How to check the extension of a filename in a bash script?


Question

I am writing a nightly build script in bash.
Everything is fine and dandy except for one little snag:


#!/bin/bash

for file in "$PATH_TO_SOMEWHERE"; do
      if [ -d $file ]
      then
              # do something directory-ish
      else
              if [ "$file" == "*.txt" ]       #  this is the snag
              then
                     # do something txt-ish
              fi
      fi
done;

My problem is determining the file extension and then acting accordingly. I know the issue is in the if-statement, testing for a txt file.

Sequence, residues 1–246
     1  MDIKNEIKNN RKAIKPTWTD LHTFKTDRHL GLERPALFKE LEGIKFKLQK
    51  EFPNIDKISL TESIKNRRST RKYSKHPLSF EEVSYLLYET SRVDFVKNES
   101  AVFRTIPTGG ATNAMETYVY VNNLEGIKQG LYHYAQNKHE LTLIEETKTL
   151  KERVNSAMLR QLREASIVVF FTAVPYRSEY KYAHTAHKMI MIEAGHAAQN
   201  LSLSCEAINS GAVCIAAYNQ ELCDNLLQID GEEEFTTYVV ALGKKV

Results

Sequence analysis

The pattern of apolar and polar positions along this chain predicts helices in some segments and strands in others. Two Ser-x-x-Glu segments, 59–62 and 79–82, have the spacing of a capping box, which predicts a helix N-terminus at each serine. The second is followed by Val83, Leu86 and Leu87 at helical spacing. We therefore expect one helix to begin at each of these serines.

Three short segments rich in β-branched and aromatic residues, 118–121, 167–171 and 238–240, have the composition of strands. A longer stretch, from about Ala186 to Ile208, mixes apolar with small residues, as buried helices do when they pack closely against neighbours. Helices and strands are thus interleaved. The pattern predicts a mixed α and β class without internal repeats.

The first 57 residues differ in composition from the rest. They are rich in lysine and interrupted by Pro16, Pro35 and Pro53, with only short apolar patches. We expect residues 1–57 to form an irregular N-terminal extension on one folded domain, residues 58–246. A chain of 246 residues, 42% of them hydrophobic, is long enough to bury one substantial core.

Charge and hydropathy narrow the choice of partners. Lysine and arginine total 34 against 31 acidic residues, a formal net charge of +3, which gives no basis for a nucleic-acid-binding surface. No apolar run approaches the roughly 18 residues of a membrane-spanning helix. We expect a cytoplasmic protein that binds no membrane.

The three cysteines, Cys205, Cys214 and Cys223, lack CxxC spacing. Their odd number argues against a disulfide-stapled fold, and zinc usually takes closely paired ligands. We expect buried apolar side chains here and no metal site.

How can I determine if a file has a .txt suffix?

1
145
1/14/2015 9:00:38 AM

Accepted Answer

I think you want to say "Are the last four characters of $file equal to .txt?" If so, you can use the following:

if [ ${file: -4} == ".txt" ]

Note that the space between file: and -4 is required, as the ':-' modifier means something different.

211
6/11/2009 8:03:33 AM

Make

if [ "$file" == "*.txt" ]

like this:

if [[ $file == *.txt ]]

That is, double brackets and no quotes.

The right side of == is a shell pattern. If you need a regular expression, use =~ then.


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